Today in publishing and literature: Revisiting Barnes & Noble's decision not to carry Amazon Publishing titles in stores, new Debbie Reynolds memoir will correct the previous Debbie Reynolds memoir, and McGraw-Hill's textbook business may be up for sale.
Barnes & Noble's announcement yesterday that the company would not be stocking books from the new Amazon imprint in its 700 brick-and-mortar stores had the appearance of a legitimate shot across the bow, right up until the final paragraph of the company's statement, which noted that Amazon Publishing titles will still be available on the Barnes & Noble Web site. What's the difference between selling a hard copy in a store and selling it online? Plenty, it seems. By only selling Amazon's books online Barnes & Noble prevents their competitor from profiting off "the browsing effect," a nifty bit of publishing jargon we first heard in Sunday's New York Times profile of Barnes & Noble CEO William Lynch, which holds that one-third of customers who walk out of a bookstore with a book did not walk in the door planning to buy something. These accidental customers have been one of the few advantages brick-and-mortar stores have enjoyed over Amazon over the last decade. In The Wall Street Journal, publishing consultant Mike Shatzkin predicts the policy-- which was revealed with lots of tough talk about how Amazon has "undermined the industry" -- wouldn't have "adverse consequences for Barnes & Noble" until Amazon Publishing bolsters its roster of authors. Meanwhile, in-store Barnes & Noble shoppers will just have to go elsewhere for their print copy of the upcoming books from Penny Marshall, Deepak Chopra, and James Franco. [The Wall Street Journal]
Speaking of bookstores: FlavorWire has put together a very nice slideshow of the world's twenty most beautiful bookstores, not one of which is a Barnes & Noble. What's a bit more surprising is that the Strand in New York City and Powell's in Portland also didn't make the cut, though that's always going to be a possibility when you're competing against converted Dominican churches, like the Selexyz Bookstore in Maastricht, Holland. [Flavor Wire]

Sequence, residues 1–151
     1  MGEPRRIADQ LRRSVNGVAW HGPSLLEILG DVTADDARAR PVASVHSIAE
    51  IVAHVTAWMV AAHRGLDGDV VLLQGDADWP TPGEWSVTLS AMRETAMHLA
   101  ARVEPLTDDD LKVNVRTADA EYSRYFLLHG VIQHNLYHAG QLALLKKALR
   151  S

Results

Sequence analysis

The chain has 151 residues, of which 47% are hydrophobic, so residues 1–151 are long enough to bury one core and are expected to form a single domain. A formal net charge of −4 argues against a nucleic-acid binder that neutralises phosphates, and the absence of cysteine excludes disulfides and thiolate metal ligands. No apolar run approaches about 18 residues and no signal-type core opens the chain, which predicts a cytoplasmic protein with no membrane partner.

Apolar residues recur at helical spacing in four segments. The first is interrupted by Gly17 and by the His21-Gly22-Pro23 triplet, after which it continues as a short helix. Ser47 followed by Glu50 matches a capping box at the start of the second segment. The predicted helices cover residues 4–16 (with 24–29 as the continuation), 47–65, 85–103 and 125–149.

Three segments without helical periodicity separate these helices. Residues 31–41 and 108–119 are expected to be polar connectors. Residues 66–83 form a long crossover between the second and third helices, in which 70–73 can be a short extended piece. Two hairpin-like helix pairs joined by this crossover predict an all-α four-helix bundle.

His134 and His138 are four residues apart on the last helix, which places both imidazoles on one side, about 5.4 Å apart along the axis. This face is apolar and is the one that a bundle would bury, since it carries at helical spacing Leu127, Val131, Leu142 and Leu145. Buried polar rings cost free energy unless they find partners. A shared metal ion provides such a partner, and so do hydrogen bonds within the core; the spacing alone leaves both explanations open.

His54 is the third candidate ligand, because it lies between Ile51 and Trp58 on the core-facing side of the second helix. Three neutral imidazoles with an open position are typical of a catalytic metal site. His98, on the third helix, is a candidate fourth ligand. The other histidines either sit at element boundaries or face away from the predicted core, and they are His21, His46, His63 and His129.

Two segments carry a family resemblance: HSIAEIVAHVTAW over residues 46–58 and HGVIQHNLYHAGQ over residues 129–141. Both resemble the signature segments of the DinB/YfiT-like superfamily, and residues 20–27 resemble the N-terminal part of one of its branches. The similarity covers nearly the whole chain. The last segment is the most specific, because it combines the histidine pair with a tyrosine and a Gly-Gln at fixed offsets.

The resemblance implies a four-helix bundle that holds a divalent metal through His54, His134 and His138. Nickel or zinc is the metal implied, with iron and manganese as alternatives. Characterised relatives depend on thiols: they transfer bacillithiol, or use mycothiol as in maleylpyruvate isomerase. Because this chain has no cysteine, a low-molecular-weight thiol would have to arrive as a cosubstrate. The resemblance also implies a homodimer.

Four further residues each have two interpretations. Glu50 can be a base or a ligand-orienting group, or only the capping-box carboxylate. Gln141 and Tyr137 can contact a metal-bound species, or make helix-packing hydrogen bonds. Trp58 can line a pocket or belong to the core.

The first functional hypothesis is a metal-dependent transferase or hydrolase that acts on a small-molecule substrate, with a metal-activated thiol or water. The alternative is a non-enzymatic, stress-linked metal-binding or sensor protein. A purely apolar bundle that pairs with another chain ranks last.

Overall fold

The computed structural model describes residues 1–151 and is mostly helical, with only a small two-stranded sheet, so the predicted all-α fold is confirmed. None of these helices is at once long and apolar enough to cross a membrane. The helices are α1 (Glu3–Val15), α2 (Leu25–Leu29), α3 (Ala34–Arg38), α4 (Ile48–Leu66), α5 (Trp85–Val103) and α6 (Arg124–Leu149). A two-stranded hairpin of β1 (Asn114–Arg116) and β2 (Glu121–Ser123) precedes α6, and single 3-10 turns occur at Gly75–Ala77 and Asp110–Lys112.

Alan Levinonitz, a graduate student at the University of Chicago, has written a terrific history/evisceration of book blurbs. In addition to being funny and informative, the essay finally coins words for that glossy page of blurbs that comes right after the cover of a paperback -- the blap -- along with the less-common but equally alarming "blover," in which a paper back has its cover width reduced for a second cover that's just one long prominent blurb. (For a look at the art of blover, note the paperback design of The Immortal Life of Henrietta Lacks.) [The Millions]
McGraw-Hill is reportedly going to explore the sale of its education division, which includes its mammoth textbook publishing business. Plans are already in the works to split off the education division and much financial services arm into separate publicly traded companies by the end of this year. Because they've already announced that plan, the company is apparently going to approach any sale cautiously, because they could potentially be hit with a large tax penalty based on the timing of the sale. Barron's estimates the education division could be worth as much $3 billion. [The Financial Times via The Bookseller]
Debbie Reynolds already wrote a memoir in 1988 called Debbie: My Life, but she's reached a deal with HarperCollins to write another one, due out in 2013. What's changed? Well, according to the publisher's press release, her second husband, the one she called "brave, loyal and loving" at the end of Debbie had "had his mistress stashed at the Stardust just down the street from Debbie’s own newly opened Las Vegas hotel" and also "embezzled all the proceeds from her business, in addition to many other betrayals." [GalleyCat]
This article is from the archive of our partner The Wire.